Several commercial MPI implementations exist such as HP-MPI, IBM’s MPI-F, Intel MPI, SGI’s MPT. Currently we only support Intel MPI. For the others that are not (yet) supported, it is recommended to either configure Molcas without parallel options and change the Symbols file after the serial configuration, or rely on cmake to use the correct options.

Please refer to the documentation of your MPI implementation for details on how to build programs, i.e. which wrappers to use and if necessary what libraries you need to link in.

2.2.2. Using an external Global Arrays installation (optional step)

If you wish to use an external GA library, it has to be installed before you build Molcas. You could e.g. use this if you have trouble with the built-in DGA solution. The installation instructions may be found at the Global Arrays home page: http://hpc.pnl.gov/globalarrays/

Note that any problems with installation or other issues specific to GA are best resolved by contacting the GA authors directly, rather than the Molcas group. It is therefore a very good idea to run the GA testing code as a job on the cluster where you want to use Molcas to make sure that it works properly before continuing to install Molcas.

Global Arrays needs to be installed with 8-byte integer support using the flag(s) –enable-i8 –with-blas8[=…] [–with-scalapack8[=…]], and for infiniband clusters you probably need to use the –with-openib flag. When linking to an external library, e.g. the Intel MKL, do not forget to include the proper ilp64 library versions.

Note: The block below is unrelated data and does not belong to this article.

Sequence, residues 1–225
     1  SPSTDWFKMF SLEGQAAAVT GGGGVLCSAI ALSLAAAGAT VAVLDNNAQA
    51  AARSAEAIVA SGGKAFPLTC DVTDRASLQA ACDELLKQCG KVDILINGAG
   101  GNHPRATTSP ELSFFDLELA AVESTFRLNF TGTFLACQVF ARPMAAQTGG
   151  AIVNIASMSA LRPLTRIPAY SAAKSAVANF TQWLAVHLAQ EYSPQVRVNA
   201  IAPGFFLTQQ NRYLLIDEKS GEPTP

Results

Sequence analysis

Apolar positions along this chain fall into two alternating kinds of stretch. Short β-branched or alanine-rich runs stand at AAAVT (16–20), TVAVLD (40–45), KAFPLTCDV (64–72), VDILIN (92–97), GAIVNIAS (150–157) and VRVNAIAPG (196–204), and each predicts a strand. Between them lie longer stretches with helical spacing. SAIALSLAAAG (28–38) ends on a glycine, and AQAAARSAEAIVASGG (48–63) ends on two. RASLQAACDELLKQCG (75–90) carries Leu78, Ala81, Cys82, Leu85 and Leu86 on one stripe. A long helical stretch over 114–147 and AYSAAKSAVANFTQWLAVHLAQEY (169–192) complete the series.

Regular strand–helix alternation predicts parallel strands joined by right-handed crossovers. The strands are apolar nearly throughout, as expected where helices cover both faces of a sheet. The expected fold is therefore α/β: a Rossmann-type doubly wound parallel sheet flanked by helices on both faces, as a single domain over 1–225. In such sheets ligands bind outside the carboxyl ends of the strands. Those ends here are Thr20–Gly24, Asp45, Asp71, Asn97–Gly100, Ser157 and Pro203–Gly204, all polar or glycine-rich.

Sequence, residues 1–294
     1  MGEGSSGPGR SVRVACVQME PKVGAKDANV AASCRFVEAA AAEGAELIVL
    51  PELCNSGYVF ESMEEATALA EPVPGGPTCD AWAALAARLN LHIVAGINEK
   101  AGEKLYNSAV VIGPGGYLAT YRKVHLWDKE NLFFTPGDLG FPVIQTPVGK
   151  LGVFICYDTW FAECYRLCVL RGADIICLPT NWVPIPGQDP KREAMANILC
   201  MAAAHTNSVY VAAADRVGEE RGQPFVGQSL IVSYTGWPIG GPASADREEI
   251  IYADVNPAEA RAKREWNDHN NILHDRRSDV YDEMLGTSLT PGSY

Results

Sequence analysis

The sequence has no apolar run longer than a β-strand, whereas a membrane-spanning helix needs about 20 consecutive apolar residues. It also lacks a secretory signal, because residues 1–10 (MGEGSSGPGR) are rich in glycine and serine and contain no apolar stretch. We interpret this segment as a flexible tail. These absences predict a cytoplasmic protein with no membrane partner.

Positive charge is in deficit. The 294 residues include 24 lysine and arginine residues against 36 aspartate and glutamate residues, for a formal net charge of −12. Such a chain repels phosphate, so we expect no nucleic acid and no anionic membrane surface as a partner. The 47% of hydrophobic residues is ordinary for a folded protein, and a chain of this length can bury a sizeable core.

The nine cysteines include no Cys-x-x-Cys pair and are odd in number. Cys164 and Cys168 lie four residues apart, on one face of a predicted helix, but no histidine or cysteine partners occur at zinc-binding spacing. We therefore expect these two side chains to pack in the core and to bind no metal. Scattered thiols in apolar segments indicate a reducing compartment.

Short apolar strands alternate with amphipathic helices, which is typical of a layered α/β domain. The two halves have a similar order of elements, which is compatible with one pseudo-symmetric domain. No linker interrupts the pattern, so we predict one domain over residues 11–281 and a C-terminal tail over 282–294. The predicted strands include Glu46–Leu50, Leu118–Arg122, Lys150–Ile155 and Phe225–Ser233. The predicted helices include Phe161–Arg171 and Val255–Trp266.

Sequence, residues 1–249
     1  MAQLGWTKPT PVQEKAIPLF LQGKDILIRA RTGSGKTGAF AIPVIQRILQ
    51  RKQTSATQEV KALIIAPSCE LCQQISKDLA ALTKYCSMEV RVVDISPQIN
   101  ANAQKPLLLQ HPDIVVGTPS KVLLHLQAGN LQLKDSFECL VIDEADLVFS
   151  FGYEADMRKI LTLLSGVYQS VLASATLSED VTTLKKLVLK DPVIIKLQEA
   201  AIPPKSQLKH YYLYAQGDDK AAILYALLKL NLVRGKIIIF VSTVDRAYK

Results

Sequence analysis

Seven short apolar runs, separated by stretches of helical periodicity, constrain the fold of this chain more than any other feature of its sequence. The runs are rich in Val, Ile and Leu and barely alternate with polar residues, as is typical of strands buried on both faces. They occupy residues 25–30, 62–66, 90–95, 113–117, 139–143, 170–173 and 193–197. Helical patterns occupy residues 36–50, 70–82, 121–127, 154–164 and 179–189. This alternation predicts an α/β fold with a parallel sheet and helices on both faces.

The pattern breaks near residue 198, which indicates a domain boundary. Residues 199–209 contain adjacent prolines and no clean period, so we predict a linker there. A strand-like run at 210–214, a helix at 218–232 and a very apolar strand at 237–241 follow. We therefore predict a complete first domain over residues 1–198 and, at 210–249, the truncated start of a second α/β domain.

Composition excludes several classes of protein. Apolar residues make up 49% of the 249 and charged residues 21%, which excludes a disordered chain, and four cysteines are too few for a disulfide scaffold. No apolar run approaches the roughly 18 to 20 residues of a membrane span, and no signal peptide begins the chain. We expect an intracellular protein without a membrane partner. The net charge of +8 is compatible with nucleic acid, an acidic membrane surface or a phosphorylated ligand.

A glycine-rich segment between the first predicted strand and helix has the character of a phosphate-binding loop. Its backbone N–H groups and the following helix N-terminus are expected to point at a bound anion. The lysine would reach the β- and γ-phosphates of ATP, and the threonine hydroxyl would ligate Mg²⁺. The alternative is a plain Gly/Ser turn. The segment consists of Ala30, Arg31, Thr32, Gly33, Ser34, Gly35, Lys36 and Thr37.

Please read the documentation of GA for more details about installation.

2.2.3. General overview of the procedure with the configure script (alternative 1)

In the simplest case, the parallel version of Molcas may be installed simply by specifying the flag -parallel to configure. For example:

./configure -parallel

When using an external GA, pass the location of the installation to Molcas configure:

./configure -parallel -ga /opt/ga-5.1

When the locations of the MPI lib and include directories is set incorrectly, you can specify them by setting their common root directory with the par_root flag or if they are in different directories you can use the separate par_inc and par_lib flags:

./configure -parallel -par_root /usr/lib/openmpi
./configure -parallel -par_inc /usr/lib/openmpi/include -par_lib /usr/lib/openmpi/lib

More likely, some individual tailoring will be required, the following summarizes the necessary steps:

  1. Check that the correct wrapper compilers were detected, as specified in $MOLCAS/Symbols.

  2. If needed, change the F77/F90 and CC variables in the Symbols file for any custom modifications you made to the wrappers.

  3. Optionally install (and test) the external Global Arrays library.

  4. Check the command for executing binaries in parallel, as specified by RUNBINARY in $MOLCAS/molcas.rte.

  5. Install (and test) Molcas.